HIP Investigator, Dr. Elizabeth Cox and her PROKids team, in collaboration with the investigators at the University of North Carolina-Chapel Hill and West Virginia University, have received a 5-year P01 grant from the National Cancer Institute focused on improving rates of HPV vaccination. The study will implement and evaluate an evidence-based intervention, “the Announcement Approach,” in over 40 pediatric and family medicine practices who are members of the Wisconsin Collaborative for Healthcare Quality or the West Virginia Practice-Based Research Network.
The Medical College of Wisconsin’s Advancing a Healthier Wisconsin Endowment and the UW School of Medicine and Public Health’s Wisconsin Partnership Program have announced a joint three-year, $3 million grant to launch an expansive new statewide partnership that will study, measure and recommend solutions for health inequities across the state of Wisconsin.
Dr. Edmond Ramly has been named one of the 2021 ICTR-CAP Stakeholder & Patient Engaged Research Pilot Awards for his Addressing disparities in the primary care of chronic conditions in the COVID-19 era: A tool for clinics to map local barriers to known strategies project.
HIP Investigator, Christie Bartels, MD, MS, was appointed permanent chief of the Division of Rheumatology within the UW Department of Medicine.
Dr. Bartels currently investigates ways to reduce health disparities and improve the cardiovascular health and longevity of patients with rheumatic or other inflammatory diseases. Her team is also examining how retention in care affects lupus outcomes, using a Centers for Disease Control/World Health Organization-endorsed model from HIV to reduce health disparities.
Congratulations, Dr. Bartels!
HIP Investigator, Dr. Jennifer Weiss recently received funding from the Gordon and Betty Moore Foundation for her research project, “Measuring Modality-specific Interval Colorectal Cancer Rates Across Healthcare Systems.” The goal of the project is to expand the existing definitions of interval colorectal cancers (cancers identified after a negative screening or surveillance exam and before the date of the next recommended exam). The project team will develop a measurement implementation strategy with standards for reporting that can be easily adopted and compared across healthcare systems.
HIP Investigator, Dr. Elizabeth Cox in collaboration with the Wisconsin Collaborative for Healthcare Quality (WCHQ), Dr. Melissa Gilkey (University of North Carolina), and members of the PROKids team received a Carbone Cancer Center Rural Cancer Pilot Award. The project, “On-Time HPV Vaccination for Rural Wisconsin Youth” will help inform interventions at the healthcare system-level that focus on low rates of HPV vaccination in rural Wisconsin. The project will use WCHQ data to develop and validate metrics of on-time HPV vaccination initiation and completion in Wisconsin health systems.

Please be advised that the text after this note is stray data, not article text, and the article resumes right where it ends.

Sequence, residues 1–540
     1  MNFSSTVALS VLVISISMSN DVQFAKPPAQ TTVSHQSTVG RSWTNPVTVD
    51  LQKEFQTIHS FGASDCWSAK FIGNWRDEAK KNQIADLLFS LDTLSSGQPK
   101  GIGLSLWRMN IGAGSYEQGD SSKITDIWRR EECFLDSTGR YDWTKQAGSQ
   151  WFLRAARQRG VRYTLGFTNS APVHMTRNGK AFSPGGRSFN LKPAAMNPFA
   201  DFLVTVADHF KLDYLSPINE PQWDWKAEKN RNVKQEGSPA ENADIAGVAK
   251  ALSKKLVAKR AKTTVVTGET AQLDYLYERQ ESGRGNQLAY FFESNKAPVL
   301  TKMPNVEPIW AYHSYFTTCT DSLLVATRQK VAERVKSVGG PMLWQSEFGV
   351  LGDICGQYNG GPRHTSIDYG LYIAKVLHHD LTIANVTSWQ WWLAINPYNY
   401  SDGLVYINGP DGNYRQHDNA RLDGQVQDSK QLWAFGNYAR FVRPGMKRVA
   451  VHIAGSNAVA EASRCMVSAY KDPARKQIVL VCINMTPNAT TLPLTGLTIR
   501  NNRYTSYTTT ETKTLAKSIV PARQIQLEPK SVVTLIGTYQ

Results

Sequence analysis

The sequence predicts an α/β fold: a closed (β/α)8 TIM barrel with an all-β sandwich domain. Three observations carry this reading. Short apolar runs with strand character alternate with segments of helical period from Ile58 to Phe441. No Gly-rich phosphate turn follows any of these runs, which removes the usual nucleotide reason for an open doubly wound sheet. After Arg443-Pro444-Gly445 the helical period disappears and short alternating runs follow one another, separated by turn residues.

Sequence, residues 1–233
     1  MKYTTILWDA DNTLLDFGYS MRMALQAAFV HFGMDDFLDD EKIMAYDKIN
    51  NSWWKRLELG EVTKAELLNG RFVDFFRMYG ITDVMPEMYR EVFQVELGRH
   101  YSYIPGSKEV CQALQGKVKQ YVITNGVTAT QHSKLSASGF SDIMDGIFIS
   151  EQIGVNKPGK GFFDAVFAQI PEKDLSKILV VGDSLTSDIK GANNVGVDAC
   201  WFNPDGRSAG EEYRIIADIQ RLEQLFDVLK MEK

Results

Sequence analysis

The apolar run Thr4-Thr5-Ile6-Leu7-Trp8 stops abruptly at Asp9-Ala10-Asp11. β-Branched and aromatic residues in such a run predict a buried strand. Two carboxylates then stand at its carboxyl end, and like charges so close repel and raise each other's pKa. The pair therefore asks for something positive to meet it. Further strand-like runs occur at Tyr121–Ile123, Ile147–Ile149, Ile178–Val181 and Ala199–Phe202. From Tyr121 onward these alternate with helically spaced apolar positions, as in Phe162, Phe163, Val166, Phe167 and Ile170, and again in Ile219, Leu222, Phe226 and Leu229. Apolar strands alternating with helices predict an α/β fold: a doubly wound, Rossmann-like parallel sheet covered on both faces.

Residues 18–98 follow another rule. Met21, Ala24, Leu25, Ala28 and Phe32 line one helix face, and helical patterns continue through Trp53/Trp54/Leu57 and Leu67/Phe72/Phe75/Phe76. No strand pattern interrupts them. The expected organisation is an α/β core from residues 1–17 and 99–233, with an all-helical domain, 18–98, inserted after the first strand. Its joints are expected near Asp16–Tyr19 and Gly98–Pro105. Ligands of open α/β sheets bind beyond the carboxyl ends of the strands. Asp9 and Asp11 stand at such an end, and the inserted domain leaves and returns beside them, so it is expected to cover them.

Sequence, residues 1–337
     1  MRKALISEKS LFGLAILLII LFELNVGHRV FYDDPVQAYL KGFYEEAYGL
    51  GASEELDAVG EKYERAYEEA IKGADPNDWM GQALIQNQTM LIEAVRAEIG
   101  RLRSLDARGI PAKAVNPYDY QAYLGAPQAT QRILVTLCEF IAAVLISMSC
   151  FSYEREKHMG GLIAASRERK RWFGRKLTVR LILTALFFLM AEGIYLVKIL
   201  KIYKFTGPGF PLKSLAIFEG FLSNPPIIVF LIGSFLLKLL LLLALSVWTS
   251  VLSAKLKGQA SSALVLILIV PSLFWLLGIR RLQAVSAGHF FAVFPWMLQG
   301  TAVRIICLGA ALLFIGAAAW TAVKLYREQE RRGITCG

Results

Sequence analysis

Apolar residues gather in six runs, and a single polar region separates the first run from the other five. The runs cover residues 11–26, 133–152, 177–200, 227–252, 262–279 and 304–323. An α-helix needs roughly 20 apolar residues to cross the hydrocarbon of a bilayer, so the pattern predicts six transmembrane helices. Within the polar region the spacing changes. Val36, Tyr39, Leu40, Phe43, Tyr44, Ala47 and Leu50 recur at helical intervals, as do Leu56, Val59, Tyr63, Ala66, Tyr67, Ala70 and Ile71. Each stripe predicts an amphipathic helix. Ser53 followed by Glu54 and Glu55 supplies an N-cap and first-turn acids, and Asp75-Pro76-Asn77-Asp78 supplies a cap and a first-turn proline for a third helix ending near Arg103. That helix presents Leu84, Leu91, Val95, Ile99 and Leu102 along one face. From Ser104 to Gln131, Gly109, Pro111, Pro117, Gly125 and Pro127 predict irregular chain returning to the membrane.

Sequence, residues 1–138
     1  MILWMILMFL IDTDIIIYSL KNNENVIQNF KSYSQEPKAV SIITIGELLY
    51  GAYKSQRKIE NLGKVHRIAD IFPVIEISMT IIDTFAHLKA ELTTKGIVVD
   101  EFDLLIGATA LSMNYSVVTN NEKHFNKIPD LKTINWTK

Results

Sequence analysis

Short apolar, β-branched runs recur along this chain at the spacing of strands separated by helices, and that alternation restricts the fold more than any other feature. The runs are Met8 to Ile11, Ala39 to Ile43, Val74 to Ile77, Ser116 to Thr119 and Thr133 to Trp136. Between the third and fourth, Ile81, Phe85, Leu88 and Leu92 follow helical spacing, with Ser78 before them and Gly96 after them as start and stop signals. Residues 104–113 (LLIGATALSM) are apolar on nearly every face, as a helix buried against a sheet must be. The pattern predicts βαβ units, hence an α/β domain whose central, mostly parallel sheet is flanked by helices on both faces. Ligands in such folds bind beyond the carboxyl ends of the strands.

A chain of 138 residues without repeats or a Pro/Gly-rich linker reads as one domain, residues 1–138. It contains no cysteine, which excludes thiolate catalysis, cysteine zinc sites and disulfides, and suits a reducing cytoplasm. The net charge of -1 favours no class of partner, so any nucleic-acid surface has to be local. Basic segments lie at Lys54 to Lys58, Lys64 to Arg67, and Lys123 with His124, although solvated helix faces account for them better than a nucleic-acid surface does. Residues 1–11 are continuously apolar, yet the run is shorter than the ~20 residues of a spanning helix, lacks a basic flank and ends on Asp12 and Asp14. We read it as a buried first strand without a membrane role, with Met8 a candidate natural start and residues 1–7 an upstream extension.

HIP Investigator, Dr. Elizabeth Cox has been named the Associate Director of the Primary Care Research Fellowship. The fellowship is administered in the UW Department of Family medicine and Community Health and funded by HRSA. A principle objective is to train primary care physicians and PhD scientists interested in careers in medical research related to the organization, delivery, or effectiveness of primary health care and preventive medicine. The Primary Care Research Fellowship is among the oldest, most successful primary care research fellowships in the nation. Since 1993, it has trained more than 60 post-doctoral fellows for careers in primary care medical research at academic medical institutions.
Colorectal cancer is the second leading cause of cancer deaths in Wisconsin. It is also the most preventable, yet least prevented cancer. Screening is important for early detection, but disparities in screening rates exist between Wisconsin clinics. HIP Investigator, Dr. Jen Weiss and a team of investigators received a research award through the Wisconsin Partnership Program Collaborative Health Sciences Program to identify strategies from high-performing clinics to improve colorectal cancer screening rates at low-performing clinics in rural and urban communities in Wisconsin. The long-term goal of the research is to decrease statewide colorectal cancer incidence and mortality.
PROKids team awarded NIH funding to develop guidance on use of pediatric PROMIS metrics in ambulatory populations
The PROKids team, led by Elizabeth Cox, MD, PhD, received new NIH funding to develop standard guidance for the use of pediatric PROMIS metrics in ambulatory clinical populations. In collaboration with leadership from prominent child health advocacy organizations and delivery systems nationally, as well as other PROMIS experts and the Institute for Clinical and Translational Research Dissemination and Implementation Program, PROKids will interview healthcare stakeholders to understand, and ultimately address in the guidance, the challenges and opportunities of assessing pediatric population health with patient-reported metrics.